What You Need to Know About Zebras Socialising in the Wild


Aug 1 2016

A fairly common sighting to see in the fresh of the morning in most African game reserves is that of plains or Burchell’s zebra grazing. They are fascinating animals to watch, often displaying animated antics amongst each other. Download the real time Latest Sightings app (iPhone / iPad or Android) to experience similar sightings such as what Khalil Abi, wildlife photographer witnessed here early one morning in Madikwe Game Reserve, South Africa.

“Watching these male zebras for quite some time they put on an interesting show for us”, says Khalil. What is interesting about the social structures of zebras is that they are few of the wildlife species that have a one-male harem ( a group of female animals sharing a single mate), while other males socialise in bachelor groups approximately made up of 2-15 males. One will find them in these tight knit groups until they are able to start their own harem. Plains zebra herds will mix and migrate together along with other species such as wildebeests. They generally coexist peacefully and will alert each other to predators.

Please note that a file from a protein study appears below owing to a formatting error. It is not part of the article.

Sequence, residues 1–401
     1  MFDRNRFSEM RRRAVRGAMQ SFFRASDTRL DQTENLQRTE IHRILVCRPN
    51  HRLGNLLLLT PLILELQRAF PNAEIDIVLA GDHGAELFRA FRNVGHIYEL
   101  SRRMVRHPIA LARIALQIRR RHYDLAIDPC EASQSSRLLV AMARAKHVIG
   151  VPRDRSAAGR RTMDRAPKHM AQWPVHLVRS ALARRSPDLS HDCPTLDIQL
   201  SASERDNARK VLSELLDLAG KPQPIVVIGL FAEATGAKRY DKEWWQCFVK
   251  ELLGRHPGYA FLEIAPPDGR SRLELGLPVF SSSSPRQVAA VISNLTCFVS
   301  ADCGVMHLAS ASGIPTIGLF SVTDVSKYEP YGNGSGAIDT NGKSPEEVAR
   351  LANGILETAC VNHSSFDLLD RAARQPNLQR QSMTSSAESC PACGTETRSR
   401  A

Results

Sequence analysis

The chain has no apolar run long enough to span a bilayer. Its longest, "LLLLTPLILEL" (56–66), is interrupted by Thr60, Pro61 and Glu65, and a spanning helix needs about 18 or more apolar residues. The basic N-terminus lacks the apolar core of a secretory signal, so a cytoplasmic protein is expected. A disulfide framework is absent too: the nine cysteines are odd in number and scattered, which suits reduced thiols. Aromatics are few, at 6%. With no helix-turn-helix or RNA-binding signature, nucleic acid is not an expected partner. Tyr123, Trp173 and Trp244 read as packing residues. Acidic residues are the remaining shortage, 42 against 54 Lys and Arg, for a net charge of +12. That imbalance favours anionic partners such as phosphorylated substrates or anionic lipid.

A dazzle of plains zebra is most often spotted in open grasslands or woodland plains close to water sources. They are also generally spotted in pairs, with the one resting its head upon the other. This is because it allows them to monitor for danger in all directions and rid flies from each other’s face. The flies are the reason one will often see a zebra nodding their heads and curling their lips. 

Mares coincide in a hierarchy, with the alpha female being the first to mate with the stallion, and is the one to lead the group. New mares to the group are more often than not met with severe hostility and need protection from the harem until the mood is settled. Zebras communicate with each other with high-pitched barks and whinnying. A zebra's ears signify its mood - when it is calm, its ears stand erect; when it is frightened, its ears are pushed forward; when angry the ears are pulled backwards and one will also hear them snorting when tense, and perhaps predators are in the vicinity. 

 

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